Most theories of nationalism focus on majority nationalism and do not provide an adequate explanation of the inaction of most ethnic minorities. The first part of this paper adopts the political process model from social movement theory to study the factors that prompt linguistic minorities to mobilize on ethno-national grounds. Using a large-N statistical model with data drawn from the Minorities at Risk (MAR) database, the results indicate that group capacity, a favorable opportunity structure, and strong issue framing facilitate ethno-national mobilization. The second part of the paper employs a most similar system design to compare Uzbek language minorities in Central Asia with the Uyghur linguistic minority in China. The focused-structured comparison confirms and extends the findings of the political process model. In short, isolated communities, an apathetic Uzbek state, and cross-cutting identities have created unfavorable conditions for ethno-national mobilization among Uzbek minorities. Much the opposite has been the case for the Uyghur minority in China.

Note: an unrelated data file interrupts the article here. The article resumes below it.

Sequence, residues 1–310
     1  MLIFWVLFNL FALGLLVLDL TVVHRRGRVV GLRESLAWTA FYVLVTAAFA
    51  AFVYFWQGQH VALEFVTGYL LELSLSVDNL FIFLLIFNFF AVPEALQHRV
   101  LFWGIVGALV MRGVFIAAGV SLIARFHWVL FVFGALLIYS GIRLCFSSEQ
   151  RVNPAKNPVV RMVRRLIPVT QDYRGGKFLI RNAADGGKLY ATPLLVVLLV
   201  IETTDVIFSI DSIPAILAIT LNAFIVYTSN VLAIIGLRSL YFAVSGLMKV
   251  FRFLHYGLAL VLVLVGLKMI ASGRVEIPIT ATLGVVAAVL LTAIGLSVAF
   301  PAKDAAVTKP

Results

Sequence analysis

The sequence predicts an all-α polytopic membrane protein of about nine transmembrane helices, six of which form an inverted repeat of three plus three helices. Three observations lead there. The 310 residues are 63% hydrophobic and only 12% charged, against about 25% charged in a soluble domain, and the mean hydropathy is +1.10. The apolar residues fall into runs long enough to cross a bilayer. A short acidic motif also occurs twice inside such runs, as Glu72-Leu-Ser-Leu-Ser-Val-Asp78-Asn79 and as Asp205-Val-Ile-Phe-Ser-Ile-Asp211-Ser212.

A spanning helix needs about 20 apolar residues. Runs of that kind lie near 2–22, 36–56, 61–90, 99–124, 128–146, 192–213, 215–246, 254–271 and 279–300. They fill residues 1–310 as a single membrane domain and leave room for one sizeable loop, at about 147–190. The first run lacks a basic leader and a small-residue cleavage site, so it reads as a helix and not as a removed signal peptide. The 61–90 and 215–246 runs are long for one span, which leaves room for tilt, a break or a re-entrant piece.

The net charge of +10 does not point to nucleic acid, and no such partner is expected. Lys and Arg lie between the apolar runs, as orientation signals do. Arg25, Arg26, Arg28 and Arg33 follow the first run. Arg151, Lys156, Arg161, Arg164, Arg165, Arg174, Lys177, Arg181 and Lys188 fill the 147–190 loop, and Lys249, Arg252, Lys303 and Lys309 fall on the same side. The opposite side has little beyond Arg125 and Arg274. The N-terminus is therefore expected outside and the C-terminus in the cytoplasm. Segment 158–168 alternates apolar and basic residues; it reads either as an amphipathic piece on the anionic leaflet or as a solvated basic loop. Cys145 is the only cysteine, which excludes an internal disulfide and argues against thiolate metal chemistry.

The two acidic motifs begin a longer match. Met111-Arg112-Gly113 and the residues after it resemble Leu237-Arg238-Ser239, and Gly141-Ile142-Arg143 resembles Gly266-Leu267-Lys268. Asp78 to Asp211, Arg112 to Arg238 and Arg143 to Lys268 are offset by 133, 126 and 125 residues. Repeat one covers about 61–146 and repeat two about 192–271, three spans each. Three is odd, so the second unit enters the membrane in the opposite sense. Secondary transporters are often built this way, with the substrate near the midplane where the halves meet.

Kong, Yelei, "Why They Rise Up, or Not: A Study of Linguistic Minorities and Ethnic-National Mobilization" (2013). Honors Projects. 46.